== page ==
Goins: There is a huge opportunity to expand our reach to increase the financial capability of consumers. According to the National Foundation for Credit Counseling’s 2016 Harris Poll, 75 percent of U.S. adults say they could still benefit from some professional advice and answers to everyday financial questions.
Nonprofits and social programs often have situations where Hands on Banking can help as they provide services to people in need. For example, with the National Disability Institute, we developed a toolkit to integrate Hands on Banking into American Job Centers.
Also, with 42 states now aligning to the Common Core State Standards and teachers having less time to add standalone course material to their classes, teachers are really looking for digestible lesson plans that are aligned to the Common Core. We can provide those.
Q: What are you striving to attain through the program by 2020?
Goins: One of our company’s corporate social responsibility goals to meet by 2020 is to strengthen the financial capabilities of underbanked customers — those who do not have access or choose not to use mainstream financial services. It starts with developing a best-in-class, multi-channel financial education program that empowers individuals and educators with tailored, relevant, and highly useful content.
To do that, we will continue to expand our adult resources on topics most needed by economically vulnerable segments of our community, including banking basics to support the underbanked and information on ways to avoid scams and other forms of elder abuse for seniors. We’ll also provide essential content for military families and people with disabilities.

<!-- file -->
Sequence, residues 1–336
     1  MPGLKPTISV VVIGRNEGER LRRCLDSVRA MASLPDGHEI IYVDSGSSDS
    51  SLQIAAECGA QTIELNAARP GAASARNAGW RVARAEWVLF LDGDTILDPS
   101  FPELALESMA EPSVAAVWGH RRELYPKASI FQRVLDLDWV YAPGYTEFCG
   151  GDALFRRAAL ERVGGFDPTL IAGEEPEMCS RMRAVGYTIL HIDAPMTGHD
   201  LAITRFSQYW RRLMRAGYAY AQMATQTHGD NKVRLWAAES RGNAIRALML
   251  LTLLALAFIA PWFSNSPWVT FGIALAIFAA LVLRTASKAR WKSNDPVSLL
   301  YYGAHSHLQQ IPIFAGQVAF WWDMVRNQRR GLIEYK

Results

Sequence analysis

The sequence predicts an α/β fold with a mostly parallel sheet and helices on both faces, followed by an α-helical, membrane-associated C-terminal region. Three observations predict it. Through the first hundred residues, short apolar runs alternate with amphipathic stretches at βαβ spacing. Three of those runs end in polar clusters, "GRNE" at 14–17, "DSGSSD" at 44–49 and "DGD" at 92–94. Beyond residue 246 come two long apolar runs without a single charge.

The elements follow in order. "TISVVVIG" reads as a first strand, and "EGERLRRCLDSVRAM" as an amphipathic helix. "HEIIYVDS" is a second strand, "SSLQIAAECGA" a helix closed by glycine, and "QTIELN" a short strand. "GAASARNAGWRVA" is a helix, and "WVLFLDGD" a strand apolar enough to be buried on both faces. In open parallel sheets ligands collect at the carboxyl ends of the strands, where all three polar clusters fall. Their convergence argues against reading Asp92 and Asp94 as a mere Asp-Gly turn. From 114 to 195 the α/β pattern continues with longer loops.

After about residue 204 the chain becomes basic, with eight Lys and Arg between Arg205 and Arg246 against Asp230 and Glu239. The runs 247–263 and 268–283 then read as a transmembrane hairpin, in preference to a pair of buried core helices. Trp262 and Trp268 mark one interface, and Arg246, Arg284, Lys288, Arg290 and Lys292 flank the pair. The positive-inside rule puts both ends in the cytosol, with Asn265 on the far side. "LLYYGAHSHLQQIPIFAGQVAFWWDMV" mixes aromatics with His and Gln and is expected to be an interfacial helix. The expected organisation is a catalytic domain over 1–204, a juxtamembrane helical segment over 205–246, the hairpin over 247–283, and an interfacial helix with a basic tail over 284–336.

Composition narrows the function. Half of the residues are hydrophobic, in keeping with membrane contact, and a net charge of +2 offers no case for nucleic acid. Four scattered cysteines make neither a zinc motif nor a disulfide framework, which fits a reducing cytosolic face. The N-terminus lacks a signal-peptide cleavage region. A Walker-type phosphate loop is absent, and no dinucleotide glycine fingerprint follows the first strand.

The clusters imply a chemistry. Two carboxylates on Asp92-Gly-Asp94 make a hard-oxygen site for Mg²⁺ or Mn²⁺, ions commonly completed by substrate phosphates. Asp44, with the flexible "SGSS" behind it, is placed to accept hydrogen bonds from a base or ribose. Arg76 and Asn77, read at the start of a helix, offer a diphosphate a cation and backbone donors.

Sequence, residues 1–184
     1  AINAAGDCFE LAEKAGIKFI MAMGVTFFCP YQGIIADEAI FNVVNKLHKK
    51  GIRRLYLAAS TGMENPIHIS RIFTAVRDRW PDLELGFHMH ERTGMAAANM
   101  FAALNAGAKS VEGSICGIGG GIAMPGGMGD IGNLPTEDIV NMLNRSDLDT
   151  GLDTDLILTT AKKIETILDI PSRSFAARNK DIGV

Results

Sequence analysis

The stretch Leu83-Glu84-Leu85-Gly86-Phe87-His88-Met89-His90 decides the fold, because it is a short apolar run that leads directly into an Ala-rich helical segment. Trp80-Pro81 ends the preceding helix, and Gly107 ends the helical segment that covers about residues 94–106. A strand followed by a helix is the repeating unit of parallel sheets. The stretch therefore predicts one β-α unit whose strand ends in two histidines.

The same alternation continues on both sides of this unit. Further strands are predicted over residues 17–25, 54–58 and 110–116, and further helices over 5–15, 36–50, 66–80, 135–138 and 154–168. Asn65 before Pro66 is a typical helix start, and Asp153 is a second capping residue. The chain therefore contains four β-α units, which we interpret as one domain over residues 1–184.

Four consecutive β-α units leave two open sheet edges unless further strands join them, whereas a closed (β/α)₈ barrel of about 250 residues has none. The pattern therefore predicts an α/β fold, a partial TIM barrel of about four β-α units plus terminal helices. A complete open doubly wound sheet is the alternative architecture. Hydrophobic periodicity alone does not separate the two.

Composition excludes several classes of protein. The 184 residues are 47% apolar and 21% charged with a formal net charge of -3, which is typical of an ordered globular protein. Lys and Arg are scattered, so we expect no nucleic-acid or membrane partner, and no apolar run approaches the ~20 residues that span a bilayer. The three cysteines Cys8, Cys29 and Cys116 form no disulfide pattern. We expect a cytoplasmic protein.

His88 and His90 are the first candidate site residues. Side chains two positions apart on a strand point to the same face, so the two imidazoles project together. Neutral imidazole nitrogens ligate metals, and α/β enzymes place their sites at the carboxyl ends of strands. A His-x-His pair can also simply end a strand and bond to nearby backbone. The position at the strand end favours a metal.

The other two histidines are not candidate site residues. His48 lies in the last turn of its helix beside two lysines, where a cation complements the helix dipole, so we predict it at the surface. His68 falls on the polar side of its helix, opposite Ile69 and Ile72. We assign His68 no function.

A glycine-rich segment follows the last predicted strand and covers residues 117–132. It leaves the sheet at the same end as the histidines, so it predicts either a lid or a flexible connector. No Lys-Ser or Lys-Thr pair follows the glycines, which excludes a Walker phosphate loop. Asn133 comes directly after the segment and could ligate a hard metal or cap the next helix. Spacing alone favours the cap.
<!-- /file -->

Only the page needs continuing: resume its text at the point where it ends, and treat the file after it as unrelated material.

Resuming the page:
We will enhance existing channels, like our Hands on Banking site, with digital and mobile solutions that support continuous learning and engagement — because that’s the way new generations are interacting with banks.
Our team member volunteerism efforts remain a priority as we make new resources available for community outreach. In 2016, our team members delivered free Hands on Banking workshops to 206,300 individuals and families. We will also develop a new K-12 teacher and parent portal and facilitate the integration of Hands on Banking into existing nonprofit and government programs — such as workforce development, state-sponsored scholarships, and housing — to serve more consumers who could benefit from financial capability resources and tools.
Finally, we recognize the importance that Hands on Banking plays in advancing financial education in this country. We recently kicked off a two-year longitudinal research study with the Association for Financial Counseling and Planning Education (AFCPE) on the effectiveness of financial education, counseling, and coaching in different consumer situations. Through thought leadership and our enhancements to the program, we aim to elevate the prominence of Hands on Banking and become a sought-after resource by consumers, educators, and industry stakeholders for their financial capability needs.
I encourage you to read our recent Corporate Social Responsibility report, which discusses our efforts in greater detail.